The HR department oversees how a company attracts, develops and retains the best talent. They spearhead organizational development initiatives and ensure compliance and safety in the workplace. When an employee has a concern, HR is responsible for employees feeling heard and understood. All the efforts of human resources contribute to retention efforts and employee engagement.

For HR to be effective, there has to be a strong relationship between the department and management. The department works closely with management to develop a talent strategy that aligns with business goals like growth, innovation and a positive company culture. With a robust and qualified human resources department, companies can ensure their employees thrive and management maintains compliance.


Wed, 06 Dec 2023 10:00:00 -0600 en-US text/html https://www.marketwatch.com/guides/business/what-is-human-resources/
Rapid rise of AI requires HR pros to fine-tune hiring practices

As if hiring and retaining skilled employees was not challenging enough during the pandemic and Great Resignation, companies now must integrate human talent needs with the coming automation boom. More than half of HR professionals anticipate that artificial intelligence will create new roles within their organization in the near future.

“In an era marked by rapid technological advancements, shifting demographics and evolving workplace dynamics, organizations face a multitude of challenges when it comes to hiring and retaining talent,” according to new research from SHL, an HR technology and psychometric science company. “Digital transformation, together with the advancements in AI, is prompting organizations to upskill and reskill their workforce to stay competitive.”

As automation and AI become increasingly pervasive, the nature of on-the-job tasks will continue to evolve. Organizations will shift toward hiring individuals who can adapt and who possess the skills needed to excel in evolving roles rather than solely relying on candidates with experience tailored to current job requirements.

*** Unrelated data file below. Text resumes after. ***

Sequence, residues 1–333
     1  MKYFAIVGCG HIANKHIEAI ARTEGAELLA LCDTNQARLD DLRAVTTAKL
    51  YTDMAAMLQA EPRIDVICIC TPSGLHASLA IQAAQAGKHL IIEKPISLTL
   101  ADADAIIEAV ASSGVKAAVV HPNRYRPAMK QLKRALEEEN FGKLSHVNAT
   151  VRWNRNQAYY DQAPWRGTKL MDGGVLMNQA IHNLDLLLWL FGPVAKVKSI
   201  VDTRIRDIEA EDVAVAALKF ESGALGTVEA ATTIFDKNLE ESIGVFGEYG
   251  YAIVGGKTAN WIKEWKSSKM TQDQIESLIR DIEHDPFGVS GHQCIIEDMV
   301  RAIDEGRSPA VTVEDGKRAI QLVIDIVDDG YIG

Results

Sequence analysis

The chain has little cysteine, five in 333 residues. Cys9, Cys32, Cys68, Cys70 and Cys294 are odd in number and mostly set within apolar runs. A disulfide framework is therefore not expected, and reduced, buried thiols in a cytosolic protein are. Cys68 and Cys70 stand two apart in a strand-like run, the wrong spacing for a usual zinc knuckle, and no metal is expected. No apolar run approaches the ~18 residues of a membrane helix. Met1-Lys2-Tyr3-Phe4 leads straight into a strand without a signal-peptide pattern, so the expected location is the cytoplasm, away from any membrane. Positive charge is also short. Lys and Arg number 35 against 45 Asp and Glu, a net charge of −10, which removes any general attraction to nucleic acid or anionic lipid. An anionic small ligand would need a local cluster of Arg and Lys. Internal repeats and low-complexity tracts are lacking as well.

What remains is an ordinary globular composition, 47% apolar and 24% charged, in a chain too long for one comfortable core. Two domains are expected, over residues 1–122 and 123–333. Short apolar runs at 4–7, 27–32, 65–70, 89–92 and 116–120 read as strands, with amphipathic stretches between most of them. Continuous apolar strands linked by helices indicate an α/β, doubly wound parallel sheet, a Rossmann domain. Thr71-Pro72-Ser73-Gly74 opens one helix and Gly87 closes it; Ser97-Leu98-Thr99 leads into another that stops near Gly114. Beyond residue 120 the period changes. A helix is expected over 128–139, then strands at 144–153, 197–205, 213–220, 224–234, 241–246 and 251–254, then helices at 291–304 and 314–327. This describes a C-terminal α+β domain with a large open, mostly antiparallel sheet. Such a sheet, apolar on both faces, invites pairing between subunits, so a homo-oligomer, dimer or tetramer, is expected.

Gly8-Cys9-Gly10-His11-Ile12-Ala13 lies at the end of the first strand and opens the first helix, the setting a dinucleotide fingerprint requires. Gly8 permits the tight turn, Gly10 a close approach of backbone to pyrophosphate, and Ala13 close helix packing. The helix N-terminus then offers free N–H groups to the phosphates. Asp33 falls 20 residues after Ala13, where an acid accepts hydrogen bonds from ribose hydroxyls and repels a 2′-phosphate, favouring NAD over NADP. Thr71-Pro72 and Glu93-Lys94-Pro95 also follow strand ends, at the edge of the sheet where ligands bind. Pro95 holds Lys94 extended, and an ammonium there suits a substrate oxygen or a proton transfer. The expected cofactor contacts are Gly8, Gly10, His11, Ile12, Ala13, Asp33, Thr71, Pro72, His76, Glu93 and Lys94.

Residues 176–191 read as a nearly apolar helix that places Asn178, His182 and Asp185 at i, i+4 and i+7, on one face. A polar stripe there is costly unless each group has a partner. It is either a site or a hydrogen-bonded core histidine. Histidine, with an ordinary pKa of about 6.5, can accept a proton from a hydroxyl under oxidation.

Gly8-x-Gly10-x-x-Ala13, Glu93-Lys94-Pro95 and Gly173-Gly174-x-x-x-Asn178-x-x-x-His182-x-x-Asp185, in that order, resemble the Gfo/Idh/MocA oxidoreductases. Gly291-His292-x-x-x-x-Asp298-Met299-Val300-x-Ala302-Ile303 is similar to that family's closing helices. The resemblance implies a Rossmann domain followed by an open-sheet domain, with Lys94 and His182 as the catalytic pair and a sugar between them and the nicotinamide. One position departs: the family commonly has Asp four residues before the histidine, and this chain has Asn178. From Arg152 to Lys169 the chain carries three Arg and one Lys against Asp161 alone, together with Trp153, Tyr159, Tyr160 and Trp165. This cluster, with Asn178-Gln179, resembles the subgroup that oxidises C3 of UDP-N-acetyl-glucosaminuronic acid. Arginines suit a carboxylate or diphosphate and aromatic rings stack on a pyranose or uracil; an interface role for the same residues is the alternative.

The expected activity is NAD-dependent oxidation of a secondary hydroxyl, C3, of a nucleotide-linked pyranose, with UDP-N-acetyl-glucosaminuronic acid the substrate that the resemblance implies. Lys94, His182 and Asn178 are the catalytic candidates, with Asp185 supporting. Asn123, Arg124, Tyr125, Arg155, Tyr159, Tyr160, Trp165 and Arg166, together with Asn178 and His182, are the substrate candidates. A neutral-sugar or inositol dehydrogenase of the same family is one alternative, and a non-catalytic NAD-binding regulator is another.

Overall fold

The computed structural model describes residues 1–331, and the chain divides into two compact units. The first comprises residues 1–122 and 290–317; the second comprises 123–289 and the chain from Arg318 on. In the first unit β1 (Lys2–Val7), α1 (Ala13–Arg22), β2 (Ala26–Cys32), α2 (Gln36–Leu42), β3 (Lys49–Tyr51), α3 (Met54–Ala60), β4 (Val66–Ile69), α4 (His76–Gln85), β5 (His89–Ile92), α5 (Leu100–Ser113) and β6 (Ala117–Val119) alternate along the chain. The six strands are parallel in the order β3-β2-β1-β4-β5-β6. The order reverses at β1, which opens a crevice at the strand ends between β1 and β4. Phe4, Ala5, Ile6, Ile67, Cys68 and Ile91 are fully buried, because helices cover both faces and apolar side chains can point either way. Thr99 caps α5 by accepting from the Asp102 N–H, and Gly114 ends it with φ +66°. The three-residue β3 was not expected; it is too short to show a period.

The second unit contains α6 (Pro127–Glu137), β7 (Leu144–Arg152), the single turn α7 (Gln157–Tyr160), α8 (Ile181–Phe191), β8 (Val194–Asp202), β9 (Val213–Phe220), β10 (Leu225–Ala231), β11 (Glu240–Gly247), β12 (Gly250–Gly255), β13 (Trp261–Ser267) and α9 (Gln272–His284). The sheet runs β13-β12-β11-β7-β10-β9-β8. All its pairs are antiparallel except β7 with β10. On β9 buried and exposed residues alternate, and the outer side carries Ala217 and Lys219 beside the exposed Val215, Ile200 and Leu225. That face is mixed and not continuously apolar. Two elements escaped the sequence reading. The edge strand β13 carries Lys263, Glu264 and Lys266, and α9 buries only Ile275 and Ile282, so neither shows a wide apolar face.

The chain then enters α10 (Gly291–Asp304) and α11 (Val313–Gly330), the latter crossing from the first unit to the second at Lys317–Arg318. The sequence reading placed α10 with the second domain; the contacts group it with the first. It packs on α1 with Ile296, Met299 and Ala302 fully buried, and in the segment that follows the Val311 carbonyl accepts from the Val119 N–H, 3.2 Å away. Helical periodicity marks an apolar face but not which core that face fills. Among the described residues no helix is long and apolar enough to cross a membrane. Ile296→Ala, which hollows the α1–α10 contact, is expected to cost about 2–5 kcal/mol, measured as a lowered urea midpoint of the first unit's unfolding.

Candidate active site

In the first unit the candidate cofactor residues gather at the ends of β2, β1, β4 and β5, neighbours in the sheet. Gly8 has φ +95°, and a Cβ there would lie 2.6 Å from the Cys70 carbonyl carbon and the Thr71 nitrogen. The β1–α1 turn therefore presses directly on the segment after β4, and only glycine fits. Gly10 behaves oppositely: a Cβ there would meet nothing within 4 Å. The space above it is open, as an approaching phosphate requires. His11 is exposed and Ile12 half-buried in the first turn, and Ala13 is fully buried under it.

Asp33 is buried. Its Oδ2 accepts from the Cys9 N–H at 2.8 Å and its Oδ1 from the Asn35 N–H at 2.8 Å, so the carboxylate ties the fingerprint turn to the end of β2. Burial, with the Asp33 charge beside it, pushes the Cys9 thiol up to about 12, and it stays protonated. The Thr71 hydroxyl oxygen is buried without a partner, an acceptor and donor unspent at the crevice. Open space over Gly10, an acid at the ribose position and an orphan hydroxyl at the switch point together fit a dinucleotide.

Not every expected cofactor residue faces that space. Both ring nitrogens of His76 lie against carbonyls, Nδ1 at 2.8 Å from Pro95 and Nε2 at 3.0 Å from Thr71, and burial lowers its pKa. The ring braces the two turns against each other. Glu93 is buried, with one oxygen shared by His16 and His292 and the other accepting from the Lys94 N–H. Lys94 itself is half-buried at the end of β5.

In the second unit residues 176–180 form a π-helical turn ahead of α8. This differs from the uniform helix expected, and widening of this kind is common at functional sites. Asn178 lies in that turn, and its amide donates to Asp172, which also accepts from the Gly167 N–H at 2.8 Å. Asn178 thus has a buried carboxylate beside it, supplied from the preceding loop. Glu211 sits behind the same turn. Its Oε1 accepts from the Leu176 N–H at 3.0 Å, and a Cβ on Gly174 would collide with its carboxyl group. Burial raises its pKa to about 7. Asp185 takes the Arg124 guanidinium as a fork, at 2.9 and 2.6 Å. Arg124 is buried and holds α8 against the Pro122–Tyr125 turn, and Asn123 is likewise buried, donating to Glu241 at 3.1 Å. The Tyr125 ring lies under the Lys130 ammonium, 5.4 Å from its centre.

“Our research has pinpointed essential skills that serve as predictors of success across various industries, enabling a more flexible approach to expedite the hiring of top talent,” the study said.

The report made several recommendations to help HR professionals “future proof” hiring in this fast-changing environment:

  • Make the most of existing talent. As internal hiring becomes more common, it is imperative to invest in nurturing existing talent pools. This not only saves on hiring costs but also fosters employee loyalty and retention. The talent companies are seeking to fill an open position already may be within their own organization.
  • Leverage assessments. Use assessments as a crucial part of the hiring process. Incorporate cognitive ability assessments, personality questionnaires, skills tests and emerging interactive assessments such as simulations and job fit assessments. These tools provide valuable insights into candidates’ skills and suitability for specific roles.
  • Prioritize candidate experience. The hiring process often is a candidate’s first interaction with prospective employers. Ensuring this experience is positive can enhance the organization’s reputation and help attract top talent. Four in 10 organizations neglect to provide candidate feedback during the hiring process, although this is expected by individuals who invest their time.
  • Stay agile and adaptive. Maintain agility and adaptability in hiring practices. Continuously monitor industry trends, technological advancements and changing demographics to evolve hiring strategies accordingly.

Related: How AI and automation will simplify the benefits landscape

“The hiring practices an organization adopts are crucial for its success,” the report said. “Having close strategic alignment between HR and the rest of the business can ensure hiring decisions are efficient and effective. This is increasingly important as talent acquisition costs rise and account for a larger percentage of an organization’s budget. Despite this, most organizations are maintaining or increasing hiring budgets, indicating the value of getting hiring right.”

Thu, 04 Jan 2024 23:14:00 -0600 en text/html https://www.benefitspro.com/2024/01/05/rapid-rise-of-ai-requires-hr-pros-to-fine-tune-hiring-practices/?slreturn=20240005090005
Best HR software of 2024

The best HR software makes it simple and easy to manage employees, covering everything from hiring to training, to benefits and taxes.

Best HR software: quick menu

This can be especially useful to businesses that don't want the hassle of having to find a way to manage staff payroll responsibilities. This can especially apply to new businesses or established ones that are rapidly expanding. Normally they'd be required to either learn the relevant legislation or hire one or more staff just to manage this. HR software can work out as more cost-effective than this.